Cache Valley Donors Help Organize County-Wide Firework Show
RICHMOND, Utah – With so many Fourth of July celebrations canceled, more than 50 Cache Valley business owners pitched in for a county-wide fireworks show.
Giving up traditions, including something so many people expect every Independence Day, was not so easy to just let go.
“We weren’t okay with that, just on multiple levels, you know?” said Shane Petersen, vice president of Casper’s Ice Cream in Richmond.
Casper’s is a regular donor to the show at Maverik Stadium. This year, they were given their money back after the show was canceled due to that virus we’ve heard so much about.
Petersen said they wanted to do something for everyone in the valley.
“Number one, the fact that things have just been hard for the last few months,” he said. “Number two, it’s a celebration of our freedoms, and our liberties and everything else.”
Their company is best known for the Fat Boy ice cream sandwich — something that you might say is also uniquely American.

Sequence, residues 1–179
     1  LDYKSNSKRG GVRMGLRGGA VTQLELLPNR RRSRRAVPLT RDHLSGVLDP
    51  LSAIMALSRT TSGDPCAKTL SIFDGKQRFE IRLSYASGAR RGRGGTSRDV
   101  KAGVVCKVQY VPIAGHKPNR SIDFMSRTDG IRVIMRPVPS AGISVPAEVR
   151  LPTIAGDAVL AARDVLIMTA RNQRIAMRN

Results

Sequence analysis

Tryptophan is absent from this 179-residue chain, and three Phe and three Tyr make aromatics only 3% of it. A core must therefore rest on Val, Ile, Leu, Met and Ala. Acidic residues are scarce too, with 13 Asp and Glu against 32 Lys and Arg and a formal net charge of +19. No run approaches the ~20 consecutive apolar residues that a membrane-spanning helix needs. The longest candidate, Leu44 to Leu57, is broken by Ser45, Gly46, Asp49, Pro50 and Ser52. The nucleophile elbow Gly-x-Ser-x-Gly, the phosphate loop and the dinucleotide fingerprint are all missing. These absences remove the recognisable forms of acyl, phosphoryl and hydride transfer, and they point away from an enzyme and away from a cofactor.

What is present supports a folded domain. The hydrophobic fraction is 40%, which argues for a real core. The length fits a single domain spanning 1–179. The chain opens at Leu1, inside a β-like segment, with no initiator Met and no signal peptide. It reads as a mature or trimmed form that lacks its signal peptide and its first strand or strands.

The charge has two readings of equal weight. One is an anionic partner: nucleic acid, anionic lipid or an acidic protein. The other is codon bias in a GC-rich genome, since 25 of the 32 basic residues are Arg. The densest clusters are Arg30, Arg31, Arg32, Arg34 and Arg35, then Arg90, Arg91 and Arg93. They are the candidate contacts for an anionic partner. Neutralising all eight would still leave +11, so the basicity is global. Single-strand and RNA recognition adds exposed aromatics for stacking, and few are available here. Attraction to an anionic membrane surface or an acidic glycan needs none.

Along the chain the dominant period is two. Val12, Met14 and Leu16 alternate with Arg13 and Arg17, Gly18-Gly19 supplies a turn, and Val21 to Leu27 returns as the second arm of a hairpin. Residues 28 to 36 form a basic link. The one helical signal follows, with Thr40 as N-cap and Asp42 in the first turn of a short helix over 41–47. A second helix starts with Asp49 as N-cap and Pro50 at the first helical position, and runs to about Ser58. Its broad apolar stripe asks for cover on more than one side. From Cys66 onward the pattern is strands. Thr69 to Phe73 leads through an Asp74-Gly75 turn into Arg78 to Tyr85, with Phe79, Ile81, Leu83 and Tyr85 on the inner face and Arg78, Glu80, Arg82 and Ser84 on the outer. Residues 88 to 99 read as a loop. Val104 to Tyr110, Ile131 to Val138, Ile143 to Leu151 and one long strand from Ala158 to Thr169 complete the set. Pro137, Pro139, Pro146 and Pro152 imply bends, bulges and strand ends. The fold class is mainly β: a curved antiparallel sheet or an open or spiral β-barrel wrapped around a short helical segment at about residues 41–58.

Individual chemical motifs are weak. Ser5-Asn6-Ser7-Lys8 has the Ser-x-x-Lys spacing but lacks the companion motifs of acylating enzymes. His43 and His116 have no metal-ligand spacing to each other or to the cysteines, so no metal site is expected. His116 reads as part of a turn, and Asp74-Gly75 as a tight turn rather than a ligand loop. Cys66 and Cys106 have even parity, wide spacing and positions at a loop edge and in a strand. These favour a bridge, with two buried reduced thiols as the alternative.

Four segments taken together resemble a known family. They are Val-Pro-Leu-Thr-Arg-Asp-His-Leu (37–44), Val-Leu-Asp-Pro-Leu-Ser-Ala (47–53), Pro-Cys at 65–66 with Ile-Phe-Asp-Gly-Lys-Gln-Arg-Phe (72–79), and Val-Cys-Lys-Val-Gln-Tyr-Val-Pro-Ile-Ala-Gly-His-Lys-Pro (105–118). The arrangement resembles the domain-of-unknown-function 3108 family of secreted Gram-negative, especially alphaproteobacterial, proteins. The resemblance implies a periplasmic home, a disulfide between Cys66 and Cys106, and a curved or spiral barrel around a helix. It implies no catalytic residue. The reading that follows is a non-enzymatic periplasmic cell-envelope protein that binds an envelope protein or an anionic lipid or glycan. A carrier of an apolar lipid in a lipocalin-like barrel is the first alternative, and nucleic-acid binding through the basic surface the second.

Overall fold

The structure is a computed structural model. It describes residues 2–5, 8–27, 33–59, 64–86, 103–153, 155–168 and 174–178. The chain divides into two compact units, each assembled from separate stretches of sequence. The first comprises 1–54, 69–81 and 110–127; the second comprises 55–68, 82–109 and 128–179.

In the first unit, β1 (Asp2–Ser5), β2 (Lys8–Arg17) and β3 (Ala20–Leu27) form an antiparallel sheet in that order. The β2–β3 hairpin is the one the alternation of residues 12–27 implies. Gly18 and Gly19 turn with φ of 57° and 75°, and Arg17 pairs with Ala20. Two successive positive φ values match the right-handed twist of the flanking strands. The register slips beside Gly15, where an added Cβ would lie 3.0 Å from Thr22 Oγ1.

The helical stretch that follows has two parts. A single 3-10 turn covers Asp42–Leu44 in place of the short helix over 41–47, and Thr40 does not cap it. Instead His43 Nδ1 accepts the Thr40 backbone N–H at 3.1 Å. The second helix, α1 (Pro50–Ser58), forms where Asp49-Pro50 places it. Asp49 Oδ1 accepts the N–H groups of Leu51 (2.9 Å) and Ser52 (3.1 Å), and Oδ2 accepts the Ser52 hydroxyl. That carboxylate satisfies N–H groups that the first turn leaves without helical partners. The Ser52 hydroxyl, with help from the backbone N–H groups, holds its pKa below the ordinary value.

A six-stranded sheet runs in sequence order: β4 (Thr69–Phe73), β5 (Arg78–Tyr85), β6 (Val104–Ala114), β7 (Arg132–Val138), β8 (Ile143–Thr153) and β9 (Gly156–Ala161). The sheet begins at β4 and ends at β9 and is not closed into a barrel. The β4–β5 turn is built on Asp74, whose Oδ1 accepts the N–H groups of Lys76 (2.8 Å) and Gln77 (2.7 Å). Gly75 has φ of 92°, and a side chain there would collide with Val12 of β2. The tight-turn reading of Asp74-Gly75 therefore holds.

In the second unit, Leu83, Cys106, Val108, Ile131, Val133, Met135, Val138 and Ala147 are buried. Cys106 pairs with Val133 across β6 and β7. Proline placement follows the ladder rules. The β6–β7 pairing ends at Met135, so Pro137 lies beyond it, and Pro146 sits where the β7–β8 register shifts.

They went to work on getting others to pitch in, and come to the rescue.
“And sure enough, as soon as we sent the emails out, immediately the responses were, ‘oh, we were hoping someone would do this,’ ‘oh, we thought about doing that,’” Keith Lawes said.
In just one week, they had over 50 businesses and several private donors. Over $100,000 was raised — enough money for a county-wide celebration.
Four locations, one show — all coordinated with music from a local radio station.
“So rather than packing in all of these seats like we’re used to seeing, the idea is that people can simply sit back and enjoy the show, from their own backyard.”
Firework shows started simultaneously in Richmond, North Logan, Providence and Hyrum Friday night.
“Kind of just a way to give back and give people a little bit of hope, and promise that there’s going to be a brighter day,” Petersen said.
Maybe next year, it can all come back to the stadium. For now, the folks here were just glad so many people made it possible to raise those funds in just one week’s time.
“We had a lot of faith in the people in the valley, that they would come together, and support the community that have supported them over the years and their businesses,” Lawes said.
While thousands of people couldn’t be together, they could still celebrate as one.
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